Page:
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Publication numberUS7054257 B2
Publication typeGrant
Application numberUS 10/426,064
Publication dateMay 30, 2006
Filing dateApr 29, 2003
Priority dateApr 29, 2003
Fee statusPaid
Also published asUS20040218507
Publication number10426064, 426064, US 7054257 B2, US 7054257B2, US-B2-7054257, US7054257 B2, US7054257B2
InventorsGerd K. Binnig, Michel Despont, Peter Vettiger
Original AssigneeInternational Business Machines Corporation
Export CitationBiBTeX, EndNote, RefMan
External Links: USPTO, USPTO Assignment, Espacenet
AFM-based data storage and microscopy
US 7054257 B2
Abstract
Read/write components for AFM-based data storage devices are provided. In particular embodiments, a read/write component comprises lever means and a support structure, the lever means being connected to the support structure for substantially pivotal movement. The lever means provides first and second current paths between a pair of electrical supply lines on the support structure via which the lever means can be connected in use to power supply means operable in a write mode and a read mode. A write-mode heater is provided on the lever means in the first current path, and a read/write tip is provided on the write-mode heater. A read-mode heater is provided on the lever means in the second current path. Decoupling means is arranged to inhibit current flow to the write-mode heater via the first current path in use when the power supply means is operated in the read mode. The component, with separate write and read-mode heaters, can thus be addressed in both the write and read modes via a single pair of supply lines. Other embodiments provide read/write components employing a thermal decoupling mechanism, and read/write components where read-sensing is performed by a proximity sensing arrangement between the lever means and the support structure. Sensing apparatus for atomic force microscopes is also provided where tip movement can be detected via similar proximity sensing arrangements.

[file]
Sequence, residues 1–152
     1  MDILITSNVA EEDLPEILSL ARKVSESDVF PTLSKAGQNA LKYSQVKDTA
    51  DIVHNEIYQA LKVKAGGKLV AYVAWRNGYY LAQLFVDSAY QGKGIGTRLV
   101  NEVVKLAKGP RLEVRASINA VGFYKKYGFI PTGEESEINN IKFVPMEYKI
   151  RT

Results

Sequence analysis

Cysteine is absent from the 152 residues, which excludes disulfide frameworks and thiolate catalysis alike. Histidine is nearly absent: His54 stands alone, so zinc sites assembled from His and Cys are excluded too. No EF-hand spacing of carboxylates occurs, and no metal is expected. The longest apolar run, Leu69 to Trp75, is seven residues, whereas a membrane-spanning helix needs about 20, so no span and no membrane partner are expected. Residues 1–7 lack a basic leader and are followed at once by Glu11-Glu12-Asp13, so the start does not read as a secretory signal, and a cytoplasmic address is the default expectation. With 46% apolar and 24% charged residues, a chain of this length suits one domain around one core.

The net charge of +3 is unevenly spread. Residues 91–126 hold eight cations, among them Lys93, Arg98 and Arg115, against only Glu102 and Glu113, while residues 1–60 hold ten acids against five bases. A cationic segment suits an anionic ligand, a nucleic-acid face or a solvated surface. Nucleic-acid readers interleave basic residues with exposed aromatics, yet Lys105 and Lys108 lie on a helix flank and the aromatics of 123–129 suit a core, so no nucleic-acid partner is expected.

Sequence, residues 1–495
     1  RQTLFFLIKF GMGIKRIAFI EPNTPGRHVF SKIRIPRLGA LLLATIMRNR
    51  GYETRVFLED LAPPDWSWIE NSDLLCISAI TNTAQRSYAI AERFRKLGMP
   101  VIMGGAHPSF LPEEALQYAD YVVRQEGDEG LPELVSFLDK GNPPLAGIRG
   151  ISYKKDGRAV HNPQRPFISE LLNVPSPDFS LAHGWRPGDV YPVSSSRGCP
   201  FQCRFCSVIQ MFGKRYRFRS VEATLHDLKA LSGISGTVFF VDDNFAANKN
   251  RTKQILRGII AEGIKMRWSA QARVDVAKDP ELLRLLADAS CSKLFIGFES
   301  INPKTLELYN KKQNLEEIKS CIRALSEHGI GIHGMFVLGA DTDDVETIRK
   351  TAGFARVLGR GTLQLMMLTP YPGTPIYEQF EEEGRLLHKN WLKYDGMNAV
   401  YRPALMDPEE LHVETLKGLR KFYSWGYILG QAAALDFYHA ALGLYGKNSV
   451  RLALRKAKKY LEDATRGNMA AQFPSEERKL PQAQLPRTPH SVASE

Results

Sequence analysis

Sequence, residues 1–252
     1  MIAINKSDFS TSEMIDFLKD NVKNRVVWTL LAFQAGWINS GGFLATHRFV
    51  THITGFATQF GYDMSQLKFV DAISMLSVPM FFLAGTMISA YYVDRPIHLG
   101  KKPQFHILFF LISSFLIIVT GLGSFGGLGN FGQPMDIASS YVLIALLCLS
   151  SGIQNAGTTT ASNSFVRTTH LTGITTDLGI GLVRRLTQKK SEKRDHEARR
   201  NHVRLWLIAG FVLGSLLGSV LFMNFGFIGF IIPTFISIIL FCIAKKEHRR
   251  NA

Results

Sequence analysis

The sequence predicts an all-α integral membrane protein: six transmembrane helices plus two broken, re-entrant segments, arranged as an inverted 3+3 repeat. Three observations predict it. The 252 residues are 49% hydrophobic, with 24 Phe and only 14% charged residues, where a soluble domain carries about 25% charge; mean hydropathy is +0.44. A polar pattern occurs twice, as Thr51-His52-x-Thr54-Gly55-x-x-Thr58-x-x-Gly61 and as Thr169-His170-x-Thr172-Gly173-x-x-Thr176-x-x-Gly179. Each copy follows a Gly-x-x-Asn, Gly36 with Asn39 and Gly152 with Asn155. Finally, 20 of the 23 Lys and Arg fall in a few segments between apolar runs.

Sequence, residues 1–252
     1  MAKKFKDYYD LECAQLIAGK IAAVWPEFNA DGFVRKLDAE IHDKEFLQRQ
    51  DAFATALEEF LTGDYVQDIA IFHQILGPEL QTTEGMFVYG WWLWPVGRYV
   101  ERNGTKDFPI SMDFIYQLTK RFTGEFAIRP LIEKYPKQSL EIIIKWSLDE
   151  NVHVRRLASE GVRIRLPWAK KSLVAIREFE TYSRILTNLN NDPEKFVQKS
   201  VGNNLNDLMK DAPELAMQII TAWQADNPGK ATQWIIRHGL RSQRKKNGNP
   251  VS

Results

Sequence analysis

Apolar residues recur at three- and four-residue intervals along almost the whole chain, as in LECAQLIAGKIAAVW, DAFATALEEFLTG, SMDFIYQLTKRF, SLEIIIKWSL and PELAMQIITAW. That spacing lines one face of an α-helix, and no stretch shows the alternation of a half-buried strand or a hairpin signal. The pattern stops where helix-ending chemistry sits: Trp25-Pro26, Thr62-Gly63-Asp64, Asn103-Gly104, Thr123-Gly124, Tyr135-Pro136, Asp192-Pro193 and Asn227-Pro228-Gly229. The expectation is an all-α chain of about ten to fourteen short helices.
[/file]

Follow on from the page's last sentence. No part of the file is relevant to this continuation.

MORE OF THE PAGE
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Claims(35)
1. A read/write component for a data storage device, the read/write component comprising:
a lever means is configured as a cantilever and comprises two laterally disposed leg portions, connected at respective corresponding ends to the support structure, and first and second bridging portions each interconnecting the two leg portions;
the lever means configured as the cantilever and a support structure, the lever means being connected to the support structure for substantially pivotal movement and providing first and second current paths between a pair of electrical supply lines on the support structure via which the lever means is connectable, in use, to power supply means operable in a write mode and a read mode;
a write-mode heater provided on the lever means in the first current path;
a read/write tip provided on the write-mode heater;
a read-mode heater provided on the lever means in the second current path; and
decoupling means arranged to inhibit current flow to the write-mode heater via the first current path in use when the power supply means is operated in the read mode;
the first bridging portion comprises the write-mode heater and the second bridging portion comprises the read-mode heater;
the leg portions and the first bridging portion define the first current path, and the leg portions and the second bridging portion define the second current path; and
the decoupling means is located on the lever means.
2. A read/write component as claimed in claim 1, wherein the write decoupling means is provided in the first current path on the first bridging portion, and the read decoupling means is provided in the second current path beyond the first bridging portion.
3. A read/write component as claimed in claim 1 wherein:
the lever configured as a cantilever comprises three laterally disposed leg portions connected at respective corresponding ends to the support structure, a first bridging portion interconnecting the central leg portion to a first of the outer leg portions and a second bridging portion interconnecting the central leg portion to the second outer leg portion;
the first bridging portion comprises the write-mode heater and the second bridging portion comprises the read-mode heater;
the first outer leg portion, the first bridging portion and the central leg portion define the first current path;